Tuesday, Denton County Transportation Authority officially accepted the resignation of president Jim Cline and appointed chief operating officer Raymond Suarez as his replacement.
News broke last week that Cline was out as DCTA president. The transit authority’s official statement until Friday Aug. 31 was that the board of directors had not yet made a decision. Then, the authority published a release that Cline was resigning and setting an emergency board meeting for Sept. 4. The board took more than an hour in closed session to negotiate Cline’s severance package, with a lawyer moving back and forth between the boardroom and Cline’s office several times. The board took a further 45 minutes to hire Suarez.
Suarez has worked with DCTA for four years, and has an extensive history with transportation services, particularly in the DFW area. He served as the chief administrative officer for the Trinity Railway Express, which connects Fort Worth to Dallas, and has held leadership positions in Trinity Metro and DART during a 30-year career with transportation services. He graduated with a bachelor’s degree in business administration from Texas Wesleyan University.
Suarez said he would continue to enact the board’s long-term plan and supported their ideas to increase ridership, such as the fare discount enacted just last week. He also said he had further ideas to increase ridership that he wanted to discuss with the board.
Cline’s resignation is effective Sept. 13, and Suarez is hired effective Sept. 14.
“I believe DCTA is doing a lot of great things working with member cities. We have a lot of economic or transit-oriented development around our stations that are already planned,” Suarez said. “But I do have some ideas and thoughts about how to improve ridership. We’ve been working as a great team together, this existing DCTA staff, and I believe that in 2019, some of the changes that we’re making … we’ll see ridership grow.”
Cline had been the DCTA president since March 2010. Neither he nor other DCTA staff have spoken publicly to a cause for his resignation. Cline’s severance agreement contains a clause forbidding both he and DCTA from disparaging each other, as well as a clause waiving his right to sue.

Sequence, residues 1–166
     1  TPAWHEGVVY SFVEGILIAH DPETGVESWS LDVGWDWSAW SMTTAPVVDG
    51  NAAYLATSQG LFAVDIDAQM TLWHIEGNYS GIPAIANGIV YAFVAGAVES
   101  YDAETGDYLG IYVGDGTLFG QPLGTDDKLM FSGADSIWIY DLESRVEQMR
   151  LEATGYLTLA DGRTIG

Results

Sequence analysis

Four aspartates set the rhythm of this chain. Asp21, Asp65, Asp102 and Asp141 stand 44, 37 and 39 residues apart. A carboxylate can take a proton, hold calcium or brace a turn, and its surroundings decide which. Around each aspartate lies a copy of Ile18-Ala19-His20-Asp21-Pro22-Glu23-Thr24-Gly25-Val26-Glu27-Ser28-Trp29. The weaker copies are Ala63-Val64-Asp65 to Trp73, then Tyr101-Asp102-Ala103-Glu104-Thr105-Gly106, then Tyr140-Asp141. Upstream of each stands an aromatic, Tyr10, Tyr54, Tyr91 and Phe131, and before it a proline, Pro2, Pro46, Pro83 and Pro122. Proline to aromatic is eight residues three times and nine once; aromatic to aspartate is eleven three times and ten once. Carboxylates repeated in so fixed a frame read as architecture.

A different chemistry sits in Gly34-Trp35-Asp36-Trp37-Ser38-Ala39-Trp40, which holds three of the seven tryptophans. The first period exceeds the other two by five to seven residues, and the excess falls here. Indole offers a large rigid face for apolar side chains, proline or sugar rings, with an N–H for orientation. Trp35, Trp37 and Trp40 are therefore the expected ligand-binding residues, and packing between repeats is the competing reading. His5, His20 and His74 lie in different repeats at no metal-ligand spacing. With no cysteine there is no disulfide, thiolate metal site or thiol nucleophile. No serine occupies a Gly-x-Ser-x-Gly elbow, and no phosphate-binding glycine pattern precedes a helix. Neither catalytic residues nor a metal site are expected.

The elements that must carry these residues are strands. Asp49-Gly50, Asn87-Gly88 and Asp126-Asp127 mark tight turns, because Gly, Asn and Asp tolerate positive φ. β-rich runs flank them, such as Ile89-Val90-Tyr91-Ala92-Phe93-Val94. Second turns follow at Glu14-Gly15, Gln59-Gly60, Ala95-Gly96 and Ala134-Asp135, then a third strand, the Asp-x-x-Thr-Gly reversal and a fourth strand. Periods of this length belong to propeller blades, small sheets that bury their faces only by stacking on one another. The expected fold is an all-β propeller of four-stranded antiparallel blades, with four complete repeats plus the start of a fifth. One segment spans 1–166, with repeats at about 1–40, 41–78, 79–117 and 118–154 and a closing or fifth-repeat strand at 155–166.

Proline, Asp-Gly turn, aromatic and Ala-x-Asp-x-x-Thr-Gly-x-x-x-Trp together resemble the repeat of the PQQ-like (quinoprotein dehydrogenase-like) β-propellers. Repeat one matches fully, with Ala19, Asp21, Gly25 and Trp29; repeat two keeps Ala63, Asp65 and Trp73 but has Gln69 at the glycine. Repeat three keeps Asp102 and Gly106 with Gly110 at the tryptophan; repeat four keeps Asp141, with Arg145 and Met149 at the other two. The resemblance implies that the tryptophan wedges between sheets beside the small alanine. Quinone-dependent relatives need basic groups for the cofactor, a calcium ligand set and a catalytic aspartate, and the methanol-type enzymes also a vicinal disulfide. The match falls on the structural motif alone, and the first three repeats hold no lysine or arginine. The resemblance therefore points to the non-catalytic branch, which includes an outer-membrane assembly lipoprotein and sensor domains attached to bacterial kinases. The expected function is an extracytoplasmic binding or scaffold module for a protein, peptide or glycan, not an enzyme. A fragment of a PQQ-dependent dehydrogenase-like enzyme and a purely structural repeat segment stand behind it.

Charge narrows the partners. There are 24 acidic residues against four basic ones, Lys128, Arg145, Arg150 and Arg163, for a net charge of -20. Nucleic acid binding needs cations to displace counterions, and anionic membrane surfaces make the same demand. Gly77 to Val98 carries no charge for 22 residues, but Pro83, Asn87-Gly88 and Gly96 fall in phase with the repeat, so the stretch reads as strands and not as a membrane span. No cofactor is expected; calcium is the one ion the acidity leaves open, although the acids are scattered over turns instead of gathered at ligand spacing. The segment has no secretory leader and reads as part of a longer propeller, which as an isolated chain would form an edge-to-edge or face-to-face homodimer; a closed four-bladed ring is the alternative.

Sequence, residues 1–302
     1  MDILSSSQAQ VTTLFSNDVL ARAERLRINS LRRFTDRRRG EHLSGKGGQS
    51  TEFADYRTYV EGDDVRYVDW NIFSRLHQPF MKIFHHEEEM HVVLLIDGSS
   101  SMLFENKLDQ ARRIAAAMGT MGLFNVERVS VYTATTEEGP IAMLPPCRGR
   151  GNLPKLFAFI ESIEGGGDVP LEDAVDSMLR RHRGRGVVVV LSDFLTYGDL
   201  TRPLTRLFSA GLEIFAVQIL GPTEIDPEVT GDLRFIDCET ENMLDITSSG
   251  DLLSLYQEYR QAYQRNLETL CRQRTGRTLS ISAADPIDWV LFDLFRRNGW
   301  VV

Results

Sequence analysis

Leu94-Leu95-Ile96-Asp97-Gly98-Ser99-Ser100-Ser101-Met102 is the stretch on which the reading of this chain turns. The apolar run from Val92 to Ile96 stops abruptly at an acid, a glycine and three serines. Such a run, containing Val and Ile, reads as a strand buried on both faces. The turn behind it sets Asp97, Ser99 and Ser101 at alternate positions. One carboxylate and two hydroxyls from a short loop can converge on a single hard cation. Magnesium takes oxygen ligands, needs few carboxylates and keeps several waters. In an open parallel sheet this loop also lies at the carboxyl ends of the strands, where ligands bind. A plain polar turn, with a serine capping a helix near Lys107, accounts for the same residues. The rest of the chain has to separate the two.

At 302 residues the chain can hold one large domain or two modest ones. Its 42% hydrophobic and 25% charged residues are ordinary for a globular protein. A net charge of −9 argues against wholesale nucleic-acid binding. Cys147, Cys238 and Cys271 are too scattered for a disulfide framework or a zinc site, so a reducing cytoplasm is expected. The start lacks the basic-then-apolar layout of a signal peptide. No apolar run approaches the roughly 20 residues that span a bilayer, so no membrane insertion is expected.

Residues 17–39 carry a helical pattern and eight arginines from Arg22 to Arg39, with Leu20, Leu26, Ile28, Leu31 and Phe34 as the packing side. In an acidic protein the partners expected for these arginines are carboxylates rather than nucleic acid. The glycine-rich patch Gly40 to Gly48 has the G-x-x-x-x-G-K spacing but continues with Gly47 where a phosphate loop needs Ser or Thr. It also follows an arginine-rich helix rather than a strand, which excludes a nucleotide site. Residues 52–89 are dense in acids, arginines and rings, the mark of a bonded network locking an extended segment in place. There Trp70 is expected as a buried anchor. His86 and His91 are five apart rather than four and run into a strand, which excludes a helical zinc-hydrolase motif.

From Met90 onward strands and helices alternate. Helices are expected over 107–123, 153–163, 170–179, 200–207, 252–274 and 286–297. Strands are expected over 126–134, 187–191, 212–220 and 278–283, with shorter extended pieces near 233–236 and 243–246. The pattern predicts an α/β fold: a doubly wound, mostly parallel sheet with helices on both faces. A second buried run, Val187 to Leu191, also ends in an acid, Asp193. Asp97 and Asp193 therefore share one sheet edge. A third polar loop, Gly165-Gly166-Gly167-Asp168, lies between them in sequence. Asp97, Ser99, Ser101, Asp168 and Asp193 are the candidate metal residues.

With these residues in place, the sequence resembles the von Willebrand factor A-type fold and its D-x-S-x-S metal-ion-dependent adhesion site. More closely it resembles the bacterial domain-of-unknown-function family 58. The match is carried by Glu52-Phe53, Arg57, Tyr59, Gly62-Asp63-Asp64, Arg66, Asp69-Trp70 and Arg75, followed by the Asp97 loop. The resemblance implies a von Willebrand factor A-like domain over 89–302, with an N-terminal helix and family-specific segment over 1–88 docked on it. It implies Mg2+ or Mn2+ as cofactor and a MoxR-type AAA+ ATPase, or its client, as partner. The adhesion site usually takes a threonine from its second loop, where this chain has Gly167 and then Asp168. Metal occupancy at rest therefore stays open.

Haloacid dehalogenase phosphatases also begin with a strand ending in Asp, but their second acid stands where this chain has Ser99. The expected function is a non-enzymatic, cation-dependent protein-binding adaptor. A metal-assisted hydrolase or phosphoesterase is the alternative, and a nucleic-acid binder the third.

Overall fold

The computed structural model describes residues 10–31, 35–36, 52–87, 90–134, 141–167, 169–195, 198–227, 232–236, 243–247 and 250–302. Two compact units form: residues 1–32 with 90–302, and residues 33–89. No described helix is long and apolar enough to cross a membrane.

Cline’s severance agreement is similar to the conditions under which he could be terminated without cause under his employment contract, indicating that his resignation was forced by DCTA. According to his employment contract, DCTA could terminate Cline with 30 days notice and would agree to pay his base salary and health insurance benefits for six months.
In the severance agreement signed Sept. 4, Cline agreed to waive the 30 day notice and accepted seven months of his base salary and health insurance benefits, in addition to a $10,000 annual bonus. Cline’s base salary was $229,000. His employment contracts also state that he would not be owed severance pay if he were were fired for some kind of breach of contract or resigned of his own accord.
DCTA has been struggling in recent years. In his presentation to the Lewisville City Council in April, Cline said the agency had been having difficulty increasing train ridership and competing with consistently low gas prices. At the transportation authority’s most recent regular meeting Aug. 23, several union leaders spoke to the board with grievances about bullying, owed back pay, not allowing bathroom or lunch breaks and bad-faith negotiations.
Only a small part of DCTA’s funding comes from rider fares. The lion’s share of its money comes from sales taxes from its three member cities — Lewisville, Highland Village and Denton. All three cities have representatives on its board of directors, but so do other cities like Flower Mound.
Despite DCTA’s struggles and seemingly sudden change in leadership, Charles Emery, board chairman and Lewisville representative who has been with DCTA for 17 years, said the authority would not make significant changes to its plans.
“It’s going to stay on course,” Emery said. “We’re going to continue with the plans the board has put in place. I mean, it’s business as usual.”